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Time is an important concept in physics, but physics itself dosn't have that much to say about the why of time. Time shows up as a variable in most of the more complex physics equations, because often when you want to model something, you want to model something traveling through time.

Many such equations are "time symmetric", which means they work equally well for positive and negative values of time. If you plug a negative time value into the equations which define a black hole, you get a white hole (from which energy in indefinitely expelled rather then absorbed). It's not at all clear how you might get a white hole to appear in the actual universe, but if we find one we have the math to describe it. Most astrophysicists believe their existence is impossible, since despite that the math can deal with negative time values, they believe the universe cannot.

Perhaps more interestingly, if you plug a negative time value into the equations which define an electron (or any particle of matter) you get a particle which behaves basically like a positron (or whatever the corresponding anti-matter particle would be). We have found positrons and other anti-matter particles, which could (according to the math) just be normal matter particles traveling backwards in time.

So in most equations time can be treated as just another variable (which also means it can be graphed as just another dimension). It could actually be a vector of however many dimensions we wish, but we only notice time proceeding in one direction so it's almost always just treated as a scaler. The direction we always notice time proceeding in is always the direction which entropy increases, suggesting that our experience of time is highly related to the notion of entropy (though I at least have few ideas asto why this may be).

Another idea closely associated with time in most physicists mind is that of 'causality'. We really want to be able to say "one thing causes another," and we further want the cause to proceed the effect (i.e come before the effect according to our notion of time). Sadly, this is really more of a bookeeping convenience then anything else. You could, for example, say a forward time traveling positron heading north strikes a barrier which causes it to change direction so it is then traveling east. You could also say a backwards time traveling electron traveling west strikes a barrier, which cause it to change direction so that it is now traveling south. Both these explanations are equivalent as far as the math is concerned.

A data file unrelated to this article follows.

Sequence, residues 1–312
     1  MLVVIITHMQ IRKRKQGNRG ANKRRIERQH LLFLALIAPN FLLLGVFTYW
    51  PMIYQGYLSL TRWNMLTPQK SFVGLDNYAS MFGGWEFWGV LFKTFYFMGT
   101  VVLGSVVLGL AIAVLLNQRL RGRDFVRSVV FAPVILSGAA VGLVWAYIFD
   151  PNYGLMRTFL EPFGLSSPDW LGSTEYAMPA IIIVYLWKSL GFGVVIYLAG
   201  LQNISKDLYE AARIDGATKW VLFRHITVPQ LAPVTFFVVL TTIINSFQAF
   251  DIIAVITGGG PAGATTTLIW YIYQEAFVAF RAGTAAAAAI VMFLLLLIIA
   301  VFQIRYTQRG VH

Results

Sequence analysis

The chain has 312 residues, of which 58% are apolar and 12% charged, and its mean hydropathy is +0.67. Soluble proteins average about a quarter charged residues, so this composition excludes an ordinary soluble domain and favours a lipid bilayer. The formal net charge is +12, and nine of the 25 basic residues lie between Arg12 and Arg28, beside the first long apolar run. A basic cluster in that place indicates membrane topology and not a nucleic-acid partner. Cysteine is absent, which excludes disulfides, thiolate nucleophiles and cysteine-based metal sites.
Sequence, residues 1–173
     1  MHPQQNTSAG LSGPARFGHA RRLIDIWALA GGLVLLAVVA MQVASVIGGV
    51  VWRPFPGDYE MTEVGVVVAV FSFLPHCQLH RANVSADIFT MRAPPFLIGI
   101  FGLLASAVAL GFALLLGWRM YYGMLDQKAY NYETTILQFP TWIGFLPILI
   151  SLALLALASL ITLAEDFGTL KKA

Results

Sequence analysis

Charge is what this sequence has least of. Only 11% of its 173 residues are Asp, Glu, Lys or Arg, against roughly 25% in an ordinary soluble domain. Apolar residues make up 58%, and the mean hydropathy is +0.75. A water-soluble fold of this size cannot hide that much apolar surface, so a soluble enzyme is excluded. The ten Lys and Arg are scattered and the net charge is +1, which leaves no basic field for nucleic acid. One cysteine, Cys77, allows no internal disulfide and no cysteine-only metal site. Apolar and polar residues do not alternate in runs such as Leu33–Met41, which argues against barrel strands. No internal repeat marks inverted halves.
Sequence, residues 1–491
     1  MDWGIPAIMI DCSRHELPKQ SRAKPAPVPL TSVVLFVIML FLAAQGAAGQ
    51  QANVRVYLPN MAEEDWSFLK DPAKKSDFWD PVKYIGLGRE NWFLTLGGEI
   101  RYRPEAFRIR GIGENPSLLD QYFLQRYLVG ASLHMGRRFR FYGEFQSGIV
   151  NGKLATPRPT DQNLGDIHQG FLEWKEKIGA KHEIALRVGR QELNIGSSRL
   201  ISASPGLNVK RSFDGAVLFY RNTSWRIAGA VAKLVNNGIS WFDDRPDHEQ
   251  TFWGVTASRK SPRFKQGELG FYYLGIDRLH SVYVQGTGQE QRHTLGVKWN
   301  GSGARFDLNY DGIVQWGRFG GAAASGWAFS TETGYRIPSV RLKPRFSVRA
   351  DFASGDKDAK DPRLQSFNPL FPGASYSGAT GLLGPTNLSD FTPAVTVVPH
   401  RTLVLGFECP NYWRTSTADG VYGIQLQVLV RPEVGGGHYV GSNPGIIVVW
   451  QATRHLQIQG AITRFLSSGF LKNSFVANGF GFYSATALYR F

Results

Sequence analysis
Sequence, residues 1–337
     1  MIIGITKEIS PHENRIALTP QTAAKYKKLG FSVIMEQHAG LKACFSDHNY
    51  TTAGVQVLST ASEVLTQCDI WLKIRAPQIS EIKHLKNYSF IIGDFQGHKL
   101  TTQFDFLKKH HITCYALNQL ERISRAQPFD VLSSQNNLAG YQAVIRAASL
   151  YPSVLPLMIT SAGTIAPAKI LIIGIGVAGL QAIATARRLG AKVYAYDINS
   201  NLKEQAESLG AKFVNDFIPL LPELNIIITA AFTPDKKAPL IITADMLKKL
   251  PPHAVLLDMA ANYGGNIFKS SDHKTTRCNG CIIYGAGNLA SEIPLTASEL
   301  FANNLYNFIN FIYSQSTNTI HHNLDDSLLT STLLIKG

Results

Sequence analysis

Referenced by Stephen Hawking in "A Brief History Of Time". There are three arrows of time: psychological, cosmological, and thermodynamic.

The thermodynamic arrow of time is defined as the direction in which entropy increases. A universe with a thermodynamic arrow of time opposite to our own would become more orderly (i.e., less entropic) with the passage of time. It is postulated that life could not exist in such a universe, as life as we know it is based on the consumption of resources (thus increasing entropy). However, it's possible that our definition of life is simply too narrow.

The psychological arrow of time is the way that we perceive time -- namely, that we remember the past and anticipate the future. It is postulated that the psychological arrow of time must always point in the same direction as the thermodynamic arrow of time, because our consciousness is a direct result of chemical processes in our brain, bound by the Three Laws of Thermodynamics. If in some way this arrow were reversed with respect to the thermodynamic arrow, we would experience time flowing backwards, essentially remembering the future and knowing nothing of the past.

The cosmological arrow of time points in the direction in which the universe is expanding. Some believe that unlike the thermodynamic arrow of time and the psychological arrow of time, this arrow could concievably point in a different direction, particularly if the universe stops expanding at some point and begins contracting in on itself. Others believe that if this were to happen, the other arrows of time would change directions as well: entropy would decrease, and time would run in reverse, though we wouldn't realize it since our minds would also run backwards. Hawking once thought that this would be the case, but has since retracted that belief.

In our universe, all three arrows point in the same direction, which we consider "forward".

One of the more persistent problems in the philosophy of time is determining the nature of the differences between the past, present, and future. This question is intimately tied to that of the logical possibility or paradox of time travel, and in resolving the latter problem we find a powerful tool for thinking about the former. Once we have established that logic does not forbid time travel, logical distinctions between the past and the future fall away. Functional time turns out to be an entirely thermodynamic construct with no inherent logical direction.